Sunday, 29 November 1998

Political Loyalties - the Value of Federalism

(Originally appeared in the 1990s in the Times of India, as published in M. D. Nalapat's book "Indutva", Har-Anand Publications, 1999)

It is a fact of life that a political party or front can secure less than
a quarter of the votes cast and yet come to office. Despite polling
significantly fewer votes than its Hindutva rival, it is the party of
Mulayam Singh Yadav and not that of Kalyan Singh which is in
power in U.P. today. The SJP-BSIP victory confirms the
fragmentation that has come about in the Indian polity, now
divided nationally into four competing streams—the Congress,
the BJP, the Janata Dal and its left allies, and finally the regional
and sectional parties. Each of the four has to compete with the
other three to retain, or expand, its base.

Feudal Roots
With Indian society moving away from its feudal roots to enter
the phase of commercial capitalism, it may not be inappropriate
to use a marketing analogy for the political spectrum and say
that each political party is attempting to increase its ’market
share' at the expense of its rivals. However, just as a marketing
organisation needs a clear picture of its target, Indian political
parties need to recognise the changing realities in the political
market place.

The first change is a loosening of traditional ’brand loyalties',
to use a marketing term again. So far as the national elections are
concerned, this is a process that picked up speed when Indira
Gandhi unilaterally changed the rules of the political game in
1975 by imposing the Emergency and making organised political
structures (including her own) irrelevant. Her preference for
personalised power, as distinct from the consensus-oriented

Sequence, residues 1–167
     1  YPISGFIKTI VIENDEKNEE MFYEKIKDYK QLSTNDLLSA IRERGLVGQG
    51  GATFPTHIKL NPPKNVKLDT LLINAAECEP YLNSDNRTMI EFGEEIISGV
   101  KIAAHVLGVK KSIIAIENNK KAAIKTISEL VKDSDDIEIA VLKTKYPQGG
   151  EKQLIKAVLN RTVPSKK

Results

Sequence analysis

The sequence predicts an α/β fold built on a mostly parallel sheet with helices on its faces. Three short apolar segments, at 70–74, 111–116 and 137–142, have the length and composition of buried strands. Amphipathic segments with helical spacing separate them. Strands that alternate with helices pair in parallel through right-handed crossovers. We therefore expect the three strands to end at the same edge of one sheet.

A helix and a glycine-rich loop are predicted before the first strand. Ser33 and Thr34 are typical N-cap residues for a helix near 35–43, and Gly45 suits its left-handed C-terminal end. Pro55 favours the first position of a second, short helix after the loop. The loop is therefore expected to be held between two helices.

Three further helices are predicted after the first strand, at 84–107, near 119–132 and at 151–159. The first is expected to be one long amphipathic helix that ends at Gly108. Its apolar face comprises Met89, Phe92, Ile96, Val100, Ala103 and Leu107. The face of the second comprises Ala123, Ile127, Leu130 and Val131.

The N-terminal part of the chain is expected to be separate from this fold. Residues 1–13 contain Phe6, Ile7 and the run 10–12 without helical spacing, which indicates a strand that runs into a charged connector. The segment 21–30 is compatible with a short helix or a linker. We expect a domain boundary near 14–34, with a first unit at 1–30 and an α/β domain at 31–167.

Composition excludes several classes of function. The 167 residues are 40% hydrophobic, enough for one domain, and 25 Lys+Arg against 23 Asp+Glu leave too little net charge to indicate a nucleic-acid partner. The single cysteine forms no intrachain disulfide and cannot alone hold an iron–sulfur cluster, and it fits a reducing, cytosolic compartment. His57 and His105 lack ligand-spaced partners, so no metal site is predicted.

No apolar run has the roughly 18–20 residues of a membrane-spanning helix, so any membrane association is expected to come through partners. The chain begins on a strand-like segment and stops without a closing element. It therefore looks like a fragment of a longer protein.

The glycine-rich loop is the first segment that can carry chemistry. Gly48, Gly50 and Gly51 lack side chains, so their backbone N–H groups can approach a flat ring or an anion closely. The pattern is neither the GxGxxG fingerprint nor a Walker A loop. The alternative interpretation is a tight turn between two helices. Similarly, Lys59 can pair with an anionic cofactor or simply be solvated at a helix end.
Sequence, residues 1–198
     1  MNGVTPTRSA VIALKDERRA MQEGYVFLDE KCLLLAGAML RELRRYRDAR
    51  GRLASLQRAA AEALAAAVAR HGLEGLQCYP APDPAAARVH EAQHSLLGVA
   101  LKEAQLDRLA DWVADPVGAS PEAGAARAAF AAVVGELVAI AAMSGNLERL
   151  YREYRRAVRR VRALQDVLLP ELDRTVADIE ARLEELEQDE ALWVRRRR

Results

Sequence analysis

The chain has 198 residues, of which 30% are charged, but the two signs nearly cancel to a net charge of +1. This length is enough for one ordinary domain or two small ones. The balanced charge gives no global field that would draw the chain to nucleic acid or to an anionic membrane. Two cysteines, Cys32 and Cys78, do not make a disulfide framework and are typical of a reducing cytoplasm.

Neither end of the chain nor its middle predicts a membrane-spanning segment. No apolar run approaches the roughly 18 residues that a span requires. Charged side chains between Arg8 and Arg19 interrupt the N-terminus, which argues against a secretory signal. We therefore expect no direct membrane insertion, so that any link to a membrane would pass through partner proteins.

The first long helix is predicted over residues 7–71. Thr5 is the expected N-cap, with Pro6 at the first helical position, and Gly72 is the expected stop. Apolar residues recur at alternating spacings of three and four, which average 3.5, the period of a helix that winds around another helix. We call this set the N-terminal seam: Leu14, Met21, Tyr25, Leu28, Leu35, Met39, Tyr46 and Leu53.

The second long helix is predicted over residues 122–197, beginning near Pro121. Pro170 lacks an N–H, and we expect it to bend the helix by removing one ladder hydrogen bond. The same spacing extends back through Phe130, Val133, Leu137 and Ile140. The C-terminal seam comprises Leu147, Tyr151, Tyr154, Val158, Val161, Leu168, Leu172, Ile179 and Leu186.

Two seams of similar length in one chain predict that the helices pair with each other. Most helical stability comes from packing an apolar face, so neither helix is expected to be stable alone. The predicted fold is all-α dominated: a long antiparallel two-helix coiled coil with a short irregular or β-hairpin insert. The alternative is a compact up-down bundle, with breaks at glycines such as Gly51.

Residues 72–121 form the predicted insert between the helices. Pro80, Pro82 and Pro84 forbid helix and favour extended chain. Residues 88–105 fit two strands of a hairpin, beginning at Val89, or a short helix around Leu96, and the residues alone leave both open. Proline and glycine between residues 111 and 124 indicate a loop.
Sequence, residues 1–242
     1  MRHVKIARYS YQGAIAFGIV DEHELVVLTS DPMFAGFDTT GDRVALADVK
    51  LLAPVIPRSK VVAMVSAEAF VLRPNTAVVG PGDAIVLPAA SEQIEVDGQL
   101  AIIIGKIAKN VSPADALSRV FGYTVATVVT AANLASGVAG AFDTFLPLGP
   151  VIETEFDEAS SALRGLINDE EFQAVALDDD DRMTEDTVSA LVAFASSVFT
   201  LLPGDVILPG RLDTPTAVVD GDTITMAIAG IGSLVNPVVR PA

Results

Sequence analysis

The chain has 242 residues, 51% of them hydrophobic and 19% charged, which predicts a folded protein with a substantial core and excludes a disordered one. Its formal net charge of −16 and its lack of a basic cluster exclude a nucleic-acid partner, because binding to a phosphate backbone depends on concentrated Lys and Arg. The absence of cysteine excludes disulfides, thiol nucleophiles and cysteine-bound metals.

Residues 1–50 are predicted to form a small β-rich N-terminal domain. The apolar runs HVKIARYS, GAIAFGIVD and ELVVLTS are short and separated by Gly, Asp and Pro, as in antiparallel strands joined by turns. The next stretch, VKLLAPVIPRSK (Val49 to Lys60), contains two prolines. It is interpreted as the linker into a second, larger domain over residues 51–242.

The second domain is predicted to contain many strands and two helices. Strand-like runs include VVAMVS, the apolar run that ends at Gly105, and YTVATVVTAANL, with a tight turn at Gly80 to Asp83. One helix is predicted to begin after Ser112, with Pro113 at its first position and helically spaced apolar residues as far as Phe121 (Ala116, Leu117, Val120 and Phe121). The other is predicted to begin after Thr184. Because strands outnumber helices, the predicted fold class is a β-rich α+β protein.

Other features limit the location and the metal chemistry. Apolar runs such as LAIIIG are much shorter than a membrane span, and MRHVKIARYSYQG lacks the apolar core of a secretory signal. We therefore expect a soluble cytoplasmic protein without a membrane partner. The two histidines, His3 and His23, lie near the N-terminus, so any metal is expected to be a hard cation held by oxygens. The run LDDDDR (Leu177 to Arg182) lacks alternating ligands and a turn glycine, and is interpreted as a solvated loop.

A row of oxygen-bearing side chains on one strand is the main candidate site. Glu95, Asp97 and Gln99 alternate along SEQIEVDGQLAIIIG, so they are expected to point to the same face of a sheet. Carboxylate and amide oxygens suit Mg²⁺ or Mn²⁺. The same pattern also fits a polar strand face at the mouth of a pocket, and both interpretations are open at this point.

Congress formula, led to a shift away from her 'brand' that cost
the Congress its hold on power.

The second major change is an increasing pragmatism within 
the electorate, which votes in accordance with the principles of 
enlightened self-interest. It is not abstruse philosophy or universal 
principle that determines voting behaviour, but the price of 
onions or tomatoes. Behind the caste or other sectional appeal of 
parties such as the BSP, the Telugu Desam or the SJP is the 
message that their coming to power will make a positive material 
difference to the lives of the group whose cause they are claiming 
to espouse. 

It is a fact that any society is divided into groups and classes, 
and it is by recognising and cultivating them that the smaller 
political parties build up bases for themselves, usually at the
expense of the mainstream parties that attempt to appeal to
broad aggregates rather than to segments The best example of
such a mainstream party is the Congress, and its recent electoral
history is proof that, just as in marketing the concept of ’niche'
is driving away strategies based on broad-spectrum markets, in
politics the age of the ’niche' electoral segment has finally
arrived. In other words, political parties will now need to
abandon catch-all strategies in favour of more focused messages.

Both the BJP and the Janata Dal are political parties that at
various stages and locations were able to trounce the Congress
by targeting specific segments of the Congress vote bank. In both
these parties, however, there are powerful groups still in the
thrall of the 'mainstream' Congress culture, which would like to
widen the sectional message. In other words, to quit chasing the
niche in favour of the whole. Within the Janata Dal, Ramakrishna
Hegde and Biju Patnaik can be said to represent such a trend,
while within the BJP, the supporters of Atal Behari Vajpayee are
attempting to push the party closer to the mainstream tendency
represented by the Congress.

Unfortunately for such individuals, recent electoral history